Why Identity Management and Federation
For a campus with minimal resources, making the argument for a campus-level identity management system can be challenging. Taking that to the next level, the support of participation in one or more identity federations, can be even more challenging. This section discusses the logic behind campus- and federation-level identity management, the security aspects, and other benefits at the campus level.
Campus-level Identity Management
Educational institutions offer more than just knowledge to their students. There is a strong symbiotic relationship between an institution and its constituents. The institution offers a variety of things to its constituents, including administrative support to researchers; a brand-name to that students, faculty, and researchers can associate with; and, various services such as library access to the local community. Institutions are as much in the business of offering institution-branded identifiers and issuing credentials as they are in facilitating research and learning. They are also expected to secure that information from inappropriate use.
With that branding opportunity in mind, institutions must think about the security surrounding the brand. The institution needs to be prepared to prove and understand the affiliation of entities on the network for security and for scaling access, services, and responding to user demand in a targeted manner. The affiliation information can control access and encourage trusted relationships between users and services.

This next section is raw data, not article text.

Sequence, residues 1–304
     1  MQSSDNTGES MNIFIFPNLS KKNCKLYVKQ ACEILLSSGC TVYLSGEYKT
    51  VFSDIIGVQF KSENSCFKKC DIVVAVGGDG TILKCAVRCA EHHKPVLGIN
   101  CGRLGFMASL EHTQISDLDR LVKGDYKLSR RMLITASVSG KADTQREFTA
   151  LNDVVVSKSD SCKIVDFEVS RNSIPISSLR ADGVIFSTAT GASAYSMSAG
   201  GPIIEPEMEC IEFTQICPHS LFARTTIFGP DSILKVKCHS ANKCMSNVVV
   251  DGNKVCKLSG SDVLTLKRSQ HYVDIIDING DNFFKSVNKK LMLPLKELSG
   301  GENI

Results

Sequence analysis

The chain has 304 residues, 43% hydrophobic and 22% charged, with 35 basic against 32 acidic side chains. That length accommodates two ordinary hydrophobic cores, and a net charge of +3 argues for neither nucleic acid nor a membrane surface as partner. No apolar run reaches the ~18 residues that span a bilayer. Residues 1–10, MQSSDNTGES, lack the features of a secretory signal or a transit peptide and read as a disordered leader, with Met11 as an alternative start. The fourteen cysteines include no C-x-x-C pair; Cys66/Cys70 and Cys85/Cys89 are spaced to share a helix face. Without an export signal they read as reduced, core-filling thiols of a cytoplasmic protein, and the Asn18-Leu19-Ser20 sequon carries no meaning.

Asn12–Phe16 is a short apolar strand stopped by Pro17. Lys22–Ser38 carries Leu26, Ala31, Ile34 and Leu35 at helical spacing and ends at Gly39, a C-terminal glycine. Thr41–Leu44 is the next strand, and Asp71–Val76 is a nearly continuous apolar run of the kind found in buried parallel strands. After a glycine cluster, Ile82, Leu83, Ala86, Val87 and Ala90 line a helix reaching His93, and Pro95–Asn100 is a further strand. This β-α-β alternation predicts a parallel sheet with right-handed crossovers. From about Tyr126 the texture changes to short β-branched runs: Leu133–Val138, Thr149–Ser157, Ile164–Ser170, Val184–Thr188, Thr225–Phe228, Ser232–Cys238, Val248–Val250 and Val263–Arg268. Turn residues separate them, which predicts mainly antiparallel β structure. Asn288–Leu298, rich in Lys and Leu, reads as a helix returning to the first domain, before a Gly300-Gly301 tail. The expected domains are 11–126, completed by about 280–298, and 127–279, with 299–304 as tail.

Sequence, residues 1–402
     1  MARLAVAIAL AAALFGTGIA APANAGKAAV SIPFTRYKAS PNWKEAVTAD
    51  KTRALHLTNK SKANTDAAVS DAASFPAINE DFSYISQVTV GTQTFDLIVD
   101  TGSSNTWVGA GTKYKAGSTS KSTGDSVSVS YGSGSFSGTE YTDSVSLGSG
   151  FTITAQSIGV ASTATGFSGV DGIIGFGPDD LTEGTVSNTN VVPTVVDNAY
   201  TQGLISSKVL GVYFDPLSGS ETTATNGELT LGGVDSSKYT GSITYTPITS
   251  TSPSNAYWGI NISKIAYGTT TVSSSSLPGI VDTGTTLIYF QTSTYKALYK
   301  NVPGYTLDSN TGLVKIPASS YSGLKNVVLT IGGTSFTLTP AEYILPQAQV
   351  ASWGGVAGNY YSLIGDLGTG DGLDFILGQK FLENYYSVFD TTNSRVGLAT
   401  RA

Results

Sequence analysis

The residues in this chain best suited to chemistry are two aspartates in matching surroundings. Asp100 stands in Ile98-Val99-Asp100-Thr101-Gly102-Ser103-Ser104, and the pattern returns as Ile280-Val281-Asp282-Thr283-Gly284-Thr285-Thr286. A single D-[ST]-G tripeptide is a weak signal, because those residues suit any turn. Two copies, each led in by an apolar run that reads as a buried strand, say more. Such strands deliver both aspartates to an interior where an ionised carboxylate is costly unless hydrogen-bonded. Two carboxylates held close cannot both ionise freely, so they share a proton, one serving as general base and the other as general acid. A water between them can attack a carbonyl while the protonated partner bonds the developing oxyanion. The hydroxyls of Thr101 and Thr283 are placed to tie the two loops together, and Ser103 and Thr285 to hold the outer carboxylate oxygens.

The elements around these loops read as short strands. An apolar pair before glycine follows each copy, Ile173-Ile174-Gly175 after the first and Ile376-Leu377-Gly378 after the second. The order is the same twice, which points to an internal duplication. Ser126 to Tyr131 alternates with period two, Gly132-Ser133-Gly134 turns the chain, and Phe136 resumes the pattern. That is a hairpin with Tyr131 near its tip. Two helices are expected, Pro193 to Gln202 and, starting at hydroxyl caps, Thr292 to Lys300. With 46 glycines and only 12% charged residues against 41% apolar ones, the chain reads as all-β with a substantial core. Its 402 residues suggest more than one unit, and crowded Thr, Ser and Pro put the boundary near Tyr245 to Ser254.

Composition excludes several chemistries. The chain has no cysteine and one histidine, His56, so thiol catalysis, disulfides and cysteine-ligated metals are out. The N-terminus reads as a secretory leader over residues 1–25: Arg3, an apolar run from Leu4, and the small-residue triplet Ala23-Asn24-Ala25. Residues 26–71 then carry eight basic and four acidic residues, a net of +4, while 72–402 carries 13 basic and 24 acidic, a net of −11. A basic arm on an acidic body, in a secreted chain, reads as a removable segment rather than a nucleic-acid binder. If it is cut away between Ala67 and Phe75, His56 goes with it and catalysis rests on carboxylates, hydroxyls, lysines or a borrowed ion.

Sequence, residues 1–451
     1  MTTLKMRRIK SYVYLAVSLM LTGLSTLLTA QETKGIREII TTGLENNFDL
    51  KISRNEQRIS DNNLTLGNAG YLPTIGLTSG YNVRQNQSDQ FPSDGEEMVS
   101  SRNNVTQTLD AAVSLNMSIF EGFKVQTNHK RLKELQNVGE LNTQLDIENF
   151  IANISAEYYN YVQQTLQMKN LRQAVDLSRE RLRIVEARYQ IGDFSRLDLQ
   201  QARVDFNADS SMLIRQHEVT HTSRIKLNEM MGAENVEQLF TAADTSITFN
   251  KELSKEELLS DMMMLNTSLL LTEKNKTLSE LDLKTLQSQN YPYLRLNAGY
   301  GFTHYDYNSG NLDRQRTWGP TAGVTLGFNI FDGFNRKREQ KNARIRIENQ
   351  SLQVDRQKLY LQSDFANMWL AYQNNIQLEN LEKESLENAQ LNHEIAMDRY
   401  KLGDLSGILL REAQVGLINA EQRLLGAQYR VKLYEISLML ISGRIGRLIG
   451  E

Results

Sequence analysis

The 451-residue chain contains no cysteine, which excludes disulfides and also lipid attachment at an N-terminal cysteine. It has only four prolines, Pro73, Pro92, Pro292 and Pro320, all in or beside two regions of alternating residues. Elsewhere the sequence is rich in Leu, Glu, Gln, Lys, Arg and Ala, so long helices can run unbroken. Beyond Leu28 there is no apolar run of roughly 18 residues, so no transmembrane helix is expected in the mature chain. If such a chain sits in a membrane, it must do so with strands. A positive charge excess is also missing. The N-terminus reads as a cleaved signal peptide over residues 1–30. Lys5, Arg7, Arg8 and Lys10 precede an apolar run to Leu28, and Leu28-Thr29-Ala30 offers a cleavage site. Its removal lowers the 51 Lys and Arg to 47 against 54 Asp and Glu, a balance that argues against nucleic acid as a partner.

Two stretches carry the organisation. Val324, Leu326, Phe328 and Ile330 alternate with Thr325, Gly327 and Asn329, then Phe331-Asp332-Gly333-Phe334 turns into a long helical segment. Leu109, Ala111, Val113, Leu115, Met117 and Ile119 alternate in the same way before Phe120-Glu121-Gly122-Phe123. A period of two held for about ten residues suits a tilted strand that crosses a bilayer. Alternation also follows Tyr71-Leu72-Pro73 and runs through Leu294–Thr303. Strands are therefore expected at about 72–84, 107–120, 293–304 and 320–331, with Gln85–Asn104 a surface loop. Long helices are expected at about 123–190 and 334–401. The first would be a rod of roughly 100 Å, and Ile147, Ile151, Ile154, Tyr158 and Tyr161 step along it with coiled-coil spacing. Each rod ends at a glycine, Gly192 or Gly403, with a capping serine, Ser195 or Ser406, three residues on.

Understanding who exactly is on your campus from a network perspective enables a wide range of possibilities and improvements. From improving the overall security profile for your network, to being able to more effectively manage your electronic resources, to being able to answer any legal issues around privacy and access, knowing who is on your campus network and controlling their authentication and authorization is key. Having a strong local-level identity system makes expanding to use federated identity easier.
Identity federations--multilateral arrangements that allow campuses to take advantage of the identity infrastructure and possibly of services offered at other institutions--began serious development in the higher education space around the turn of this century. The Shibboleth project was among the earliest platforms developed to take advantage of attributes shared between institutions and was first described at a meeting in 1999. The first identity federations got started in 2001 in Europe.